On his Instagram account, the sculptor shares images of this works of art, his charming cats and models—Todd and Max— and special equipment like his Fujinon 75-150 f4.5. Tim’s website features a wonderful quote from famous Japanese writer, Jun’ichirō Tanizaki, that seems to guide us to his aesthetic interest: “We find beauty not in the thing itself but in the patterns of shadows, the light and the darkness, that one thing against another creates.”

Sculpture by Tim Skinner using Nedah036 and Candace029 as a reference  (shared by artist)

In this Q&A sculptor Tim Skinner shares with PoseSpace the details of how he discovered his passion to create sculptures, who are his favorite models and explains why light is so important when displaying a sculpture:

You are a self-taught figurative sculptor. Can you tell us more about how you got into art?

I’ve always been interested in art. I really enjoyed drawing but it never came naturally for me. It wasn’t until many years into a career as a graphic designer that I accidentally discovered sculpting while playing with plasticine with my kids. It occurred to me that I was having a lot more fun than they were.

At that time I had lost interest in art and considered it to be far too self-indulgent for grown-ups, so I discounted the notion of pursuing sculpture. A lifelong friend persuaded me to persist with sculpting, his point being that one should demonstrate by example to our kids that personal growth is valuable and worthwhile —not necessarily self-serving.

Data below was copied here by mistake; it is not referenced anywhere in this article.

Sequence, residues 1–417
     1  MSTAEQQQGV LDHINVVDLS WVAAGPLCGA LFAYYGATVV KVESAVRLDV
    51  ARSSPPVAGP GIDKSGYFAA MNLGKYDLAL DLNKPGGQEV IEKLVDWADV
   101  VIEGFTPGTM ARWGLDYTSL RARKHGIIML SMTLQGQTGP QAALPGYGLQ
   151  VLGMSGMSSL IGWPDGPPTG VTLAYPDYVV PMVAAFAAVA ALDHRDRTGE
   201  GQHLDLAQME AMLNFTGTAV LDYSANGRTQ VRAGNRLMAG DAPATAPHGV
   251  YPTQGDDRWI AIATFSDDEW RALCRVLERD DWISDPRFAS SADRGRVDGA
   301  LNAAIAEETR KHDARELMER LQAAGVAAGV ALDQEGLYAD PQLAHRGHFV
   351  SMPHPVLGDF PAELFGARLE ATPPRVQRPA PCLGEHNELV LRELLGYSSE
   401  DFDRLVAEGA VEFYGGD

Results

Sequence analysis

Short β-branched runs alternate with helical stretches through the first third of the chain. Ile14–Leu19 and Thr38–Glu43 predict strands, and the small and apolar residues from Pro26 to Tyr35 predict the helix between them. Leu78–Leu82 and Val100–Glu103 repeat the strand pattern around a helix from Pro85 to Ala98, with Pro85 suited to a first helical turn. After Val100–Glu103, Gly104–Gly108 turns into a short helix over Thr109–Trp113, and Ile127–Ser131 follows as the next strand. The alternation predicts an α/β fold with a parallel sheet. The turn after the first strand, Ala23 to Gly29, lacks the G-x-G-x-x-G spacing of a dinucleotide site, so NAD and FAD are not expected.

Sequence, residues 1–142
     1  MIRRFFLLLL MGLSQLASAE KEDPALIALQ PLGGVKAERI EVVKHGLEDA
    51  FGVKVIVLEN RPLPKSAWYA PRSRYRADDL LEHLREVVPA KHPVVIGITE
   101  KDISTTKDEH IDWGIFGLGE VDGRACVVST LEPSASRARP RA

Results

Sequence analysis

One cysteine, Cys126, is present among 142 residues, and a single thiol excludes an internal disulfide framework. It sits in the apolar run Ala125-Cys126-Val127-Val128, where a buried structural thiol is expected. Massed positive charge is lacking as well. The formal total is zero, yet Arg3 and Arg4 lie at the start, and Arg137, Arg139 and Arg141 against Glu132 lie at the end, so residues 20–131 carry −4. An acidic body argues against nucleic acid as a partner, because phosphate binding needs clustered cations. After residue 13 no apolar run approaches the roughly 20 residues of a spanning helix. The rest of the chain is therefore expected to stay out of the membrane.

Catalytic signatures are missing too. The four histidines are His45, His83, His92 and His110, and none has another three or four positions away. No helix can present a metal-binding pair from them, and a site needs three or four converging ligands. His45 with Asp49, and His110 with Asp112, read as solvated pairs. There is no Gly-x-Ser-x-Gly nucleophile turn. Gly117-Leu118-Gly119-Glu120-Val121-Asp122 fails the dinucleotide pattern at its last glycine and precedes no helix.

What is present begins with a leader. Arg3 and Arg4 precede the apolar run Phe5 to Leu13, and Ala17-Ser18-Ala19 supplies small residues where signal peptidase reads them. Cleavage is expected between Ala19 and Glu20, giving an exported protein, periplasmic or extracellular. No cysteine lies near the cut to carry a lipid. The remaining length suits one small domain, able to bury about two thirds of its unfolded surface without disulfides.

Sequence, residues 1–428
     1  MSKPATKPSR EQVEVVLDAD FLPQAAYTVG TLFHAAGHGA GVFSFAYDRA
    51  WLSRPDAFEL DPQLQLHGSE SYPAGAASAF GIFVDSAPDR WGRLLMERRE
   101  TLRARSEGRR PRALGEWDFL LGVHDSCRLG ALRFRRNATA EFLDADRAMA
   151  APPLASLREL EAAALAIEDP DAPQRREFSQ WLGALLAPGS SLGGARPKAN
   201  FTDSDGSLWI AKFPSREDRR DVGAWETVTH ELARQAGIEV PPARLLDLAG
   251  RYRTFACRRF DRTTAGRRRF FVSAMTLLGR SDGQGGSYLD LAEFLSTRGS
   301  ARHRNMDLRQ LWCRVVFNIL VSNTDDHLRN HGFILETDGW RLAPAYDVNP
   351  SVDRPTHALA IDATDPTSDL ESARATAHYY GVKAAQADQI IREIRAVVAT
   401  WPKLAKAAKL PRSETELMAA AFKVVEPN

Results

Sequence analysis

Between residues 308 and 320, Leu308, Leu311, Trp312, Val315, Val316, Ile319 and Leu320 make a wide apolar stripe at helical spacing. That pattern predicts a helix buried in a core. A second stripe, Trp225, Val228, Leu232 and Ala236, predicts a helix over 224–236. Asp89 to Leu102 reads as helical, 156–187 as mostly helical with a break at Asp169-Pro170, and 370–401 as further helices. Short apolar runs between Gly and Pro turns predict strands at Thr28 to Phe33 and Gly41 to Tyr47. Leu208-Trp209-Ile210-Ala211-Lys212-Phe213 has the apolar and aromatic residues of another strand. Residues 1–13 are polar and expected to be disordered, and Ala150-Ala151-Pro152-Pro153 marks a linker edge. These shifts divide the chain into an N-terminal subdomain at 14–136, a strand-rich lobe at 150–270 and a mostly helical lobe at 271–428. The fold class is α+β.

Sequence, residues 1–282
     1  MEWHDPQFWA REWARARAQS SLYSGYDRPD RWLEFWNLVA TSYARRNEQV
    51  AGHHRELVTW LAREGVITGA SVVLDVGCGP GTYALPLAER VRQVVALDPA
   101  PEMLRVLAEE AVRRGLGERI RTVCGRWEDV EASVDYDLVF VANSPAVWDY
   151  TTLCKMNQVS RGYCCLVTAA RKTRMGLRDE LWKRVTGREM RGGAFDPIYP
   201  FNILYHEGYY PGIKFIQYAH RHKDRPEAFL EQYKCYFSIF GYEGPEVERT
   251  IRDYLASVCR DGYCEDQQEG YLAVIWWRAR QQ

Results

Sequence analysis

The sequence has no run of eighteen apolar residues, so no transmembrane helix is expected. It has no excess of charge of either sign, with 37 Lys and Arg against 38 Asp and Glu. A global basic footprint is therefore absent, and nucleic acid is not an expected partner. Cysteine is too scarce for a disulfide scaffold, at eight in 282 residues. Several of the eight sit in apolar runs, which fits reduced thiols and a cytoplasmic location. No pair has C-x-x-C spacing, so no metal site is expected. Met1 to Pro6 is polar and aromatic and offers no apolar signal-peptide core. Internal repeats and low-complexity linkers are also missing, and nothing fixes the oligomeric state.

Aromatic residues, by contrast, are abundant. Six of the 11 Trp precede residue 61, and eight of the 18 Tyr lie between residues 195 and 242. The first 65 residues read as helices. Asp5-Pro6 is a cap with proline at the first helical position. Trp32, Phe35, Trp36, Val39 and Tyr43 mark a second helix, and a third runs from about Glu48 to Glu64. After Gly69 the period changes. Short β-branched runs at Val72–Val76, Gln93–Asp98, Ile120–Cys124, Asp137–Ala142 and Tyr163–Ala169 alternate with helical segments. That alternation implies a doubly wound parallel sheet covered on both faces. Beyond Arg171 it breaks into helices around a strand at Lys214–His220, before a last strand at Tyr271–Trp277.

That was about five or six years ago. My first sculptures were embarrassing, but I felt this was something I could get better at, with enough time and practice.

Can you tell us about the process of making your sculptures? Do you have any rituals?

I have no formal training so I’m not an exemplar by any means. I started sculpting with drywall compound, the stuff they stick to walls to cover seams. It was messy and dusty, time-consuming and awkward; but I already had it on hand.

Some time later, a friend gave me her recipe for homemade wax/clay —a fantastic modelling material. I sculpted with that for years, but mould-making and casting is time-consuming and expensive. All I want to do is sculpt. That other stuff just keeps me from sculpting.

So recently I’ve switched again —to epoxy clay. It’s like bread dough until it cures to a rock hard consistency. This is ideal for me. The epoxy clay is applied like an exoskeleton over a rough wireframe or foil armature. So basically, I rough in the general form, a section at a time, with fresh epoxy clay, then once it cures, it becomes more like a traditional stone-carving process.

Once I’ve settled on a composition, I start looking for reference material. My workspace and my methods are not well suited for live life-model work. The model would likely expire from tedium or old age before I was done. So I use general observation (people watching) and photo references.